The more time you spend somewhere else, the less you’ll need to cool your home. Spend time at the pool or mall after work, or hit the gym before you head home. If you’re self-employed, consider working in a coffee shop or at a shared workspace to reduce your at-home electricity consumption.
6. Stay Downstairs
Heat rises, so if you have to stay indoors, stay downstairs as much as possible. If you stick to lower ground in the daytime, you might be able to raise your thermostat temperature. Reduce your setting at bedtime—you’ll sleep better in a cooler room.
Climate change means that in all likelihood, summer temperatures will continue to rise. Here are six ways to save money on your AC bills in the long term.
1. Get Your Air Conditioning System Serviced
One of the least expensive long-term money-saving tips is regular investment in your AC system. Get your HVAC unit serviced regularly—at least once a year—to ensure it performs optimally. Coils need cleaning, voltage connections need checking and refrigerant levels need topping off.
2. Install Ceiling Fans
Ceiling fans help circulate air and make your home feel cooler. If you don’t already have ceiling fans, consider installing them throughout your property. Simply switching on a ceiling fan can reduce the burden on your AC system and lower your energy usage.
3. Upgrade Your Windows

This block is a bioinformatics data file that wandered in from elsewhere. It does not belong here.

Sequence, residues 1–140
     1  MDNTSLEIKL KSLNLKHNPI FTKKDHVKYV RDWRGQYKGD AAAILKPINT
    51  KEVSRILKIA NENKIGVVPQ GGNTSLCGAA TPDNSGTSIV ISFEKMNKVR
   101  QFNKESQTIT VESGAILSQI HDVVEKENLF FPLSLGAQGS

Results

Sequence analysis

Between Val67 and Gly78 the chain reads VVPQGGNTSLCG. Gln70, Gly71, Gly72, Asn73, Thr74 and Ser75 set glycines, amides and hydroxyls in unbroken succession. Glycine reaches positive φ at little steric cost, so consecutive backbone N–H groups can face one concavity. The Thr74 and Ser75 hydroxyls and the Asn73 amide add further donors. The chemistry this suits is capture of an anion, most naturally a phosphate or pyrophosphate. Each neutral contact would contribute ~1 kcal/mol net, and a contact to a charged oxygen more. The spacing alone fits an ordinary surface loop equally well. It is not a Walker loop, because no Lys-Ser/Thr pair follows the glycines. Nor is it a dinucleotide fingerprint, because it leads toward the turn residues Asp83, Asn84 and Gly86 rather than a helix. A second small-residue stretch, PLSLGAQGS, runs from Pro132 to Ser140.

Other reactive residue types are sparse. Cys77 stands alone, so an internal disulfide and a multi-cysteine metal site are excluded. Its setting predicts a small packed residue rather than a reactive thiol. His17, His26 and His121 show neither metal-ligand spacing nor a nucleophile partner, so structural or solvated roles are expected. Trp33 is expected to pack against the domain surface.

Energy-efficient windows help you take charge of your utility bills. In the winter, they keep heat in—and in the summer, they keep heat out. Some high-quality windows come with low-emissivity, or low-E, glass, which reflects long infrared waves to keep your home cooler. Other energy-saving options include anti-reflective and tinted windows.
4. Plant Shade Trees
Blackout curtains and reflective blinds can help keep your home cooler. But in the long term, trees can reduce sunlight, shading your entire property and reducing your energy bills in the process. Good shade tree species include river birch, dawn redwood, cypress and weeping willow. If you decide to plant shade trees, keep them away from your foundations and from septic tank drainage fields.
5. Install Solar Panels
Solar panels generate electricity, so they help reduce your energy bills. Today’s solar arrays are much more efficient than older panels—and they’re also much more affordable. You can lease panels, or you can buy an array outright. Some power companies even let you sell extra electricity back to the grid.
6. Insulate Your Walls & Attics
Inefficient windows leak air—and so do badly insulated crawl spaces, walls and attics. Older homes in particular can be notoriously leaky. If your home is on the leakier side, improve your insulation to make your home more comfortable and save money on your utility bills.
Utility Bills Are a Hot Topic
Climate change is inevitable, and we’re all likely to need AC more than ever in the future. You can use the 12 tips listed above to take charge of your energy bills and prepare for a warmer future.
Want to make utility bills work for you? Sign up for ExtraCredit and use Build It to add your utility bill payments to your credit report. If you have a thin or nonexistent credit file, Build It reports your utility payments to TransUnion and Equifax—which could help beef up your credit file.
Sign up for ExtraCredit today!
DISCLAIMER. The information provided in this article does not, and is not intended to be, legal, financial or credit advice; instead, it is for general informational purposes only.
This article originally appeared on Credit.com.